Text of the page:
Who should not take vitamin B7?

Neal Spruce
Neal Spruce on behalf of dotFIT
Everyone should get their vitamin B7, also known as biotin, through diet and their daily multivitamin and mineral formula (MVM) for added insurance of reaching normal daily needs of ~30-100 mcg/day unless instructed by their physician. Generally, there are few people unable to supplement Vitamin B7 because it is a water-soluble vitamin and therefore healthy humans will excrete what they don’t use unless dosages chronically exceed an established Upper Limit (UL), which at this time has not been set for biotin. Animal studies using high doses of biotin, well above the average human needs, have shown no adverse effects. There are no reported cases of adverse effects from high doses of the vitamin, used in treatments of metabolic disorders. There are virtually no known contraindications, but concerns about biotin overdose have been raised in individuals with “health risk” issues such as pregnant women, people with kidney or liver problems or a history of seizures -- all of whom should consult a qualified physician before supplementing. Most daily multivitamin and mineral formulas (MVM) contain all the biotin necessary (and probably a little more) for normal healthy people. Although biotin deficiencies are rare, marginal deficiencies have been shown in certain populations such as during pregnancy, athletes, dieters, elderly, alcoholics, and burn patients, which can lead to decreased energy production and other biotin-related functions. For this reason we always recommend a daily MVM to all populations containing between 100-300 mg of biotin (B7). Active people maintaining low body fat may do better at the higher part of this range.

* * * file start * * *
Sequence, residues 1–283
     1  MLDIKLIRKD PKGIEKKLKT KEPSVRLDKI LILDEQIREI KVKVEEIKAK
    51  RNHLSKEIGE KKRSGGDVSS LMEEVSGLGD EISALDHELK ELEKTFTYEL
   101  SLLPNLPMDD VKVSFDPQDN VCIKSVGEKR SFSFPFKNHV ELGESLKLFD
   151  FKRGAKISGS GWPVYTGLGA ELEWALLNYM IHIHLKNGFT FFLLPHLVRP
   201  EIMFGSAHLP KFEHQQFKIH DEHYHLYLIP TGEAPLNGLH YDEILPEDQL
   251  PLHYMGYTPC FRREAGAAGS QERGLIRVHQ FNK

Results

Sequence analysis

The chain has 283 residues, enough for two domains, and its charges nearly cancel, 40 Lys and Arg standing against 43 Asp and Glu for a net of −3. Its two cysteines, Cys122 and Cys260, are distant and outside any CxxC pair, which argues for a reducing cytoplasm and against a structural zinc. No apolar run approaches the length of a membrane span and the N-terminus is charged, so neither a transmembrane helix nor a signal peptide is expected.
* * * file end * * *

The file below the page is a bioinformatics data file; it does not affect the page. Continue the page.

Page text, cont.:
Vitamin B7 occurs naturally in many foods, and everyone needs a certain amount of vitamin B7 to be healthy. There are no defined limits on who should not use B7, but pregnant and breastfeeding women should be sure to stay within the maximum daily dose recommended by their doctors. Always use B7 according to the label's instructions. Taking any supplement in excess could result in side effects.

Continue Learning about Vitamins



In the United States, the Food and Drug Administration (FDA) regulates vitamin supplements and provides recommended daily amount information. The FDA says that we should pay attention when considering vitamin supplements, because ...

frequently many different vitamins and minerals are combined into one product.

Important: This content reflects information from various individuals and organizations and may offer alternative or opposing points of view. It should not be used for medical advice, diagnosis or treatment. As always, you should consult with your healthcare provider about your specific health needs.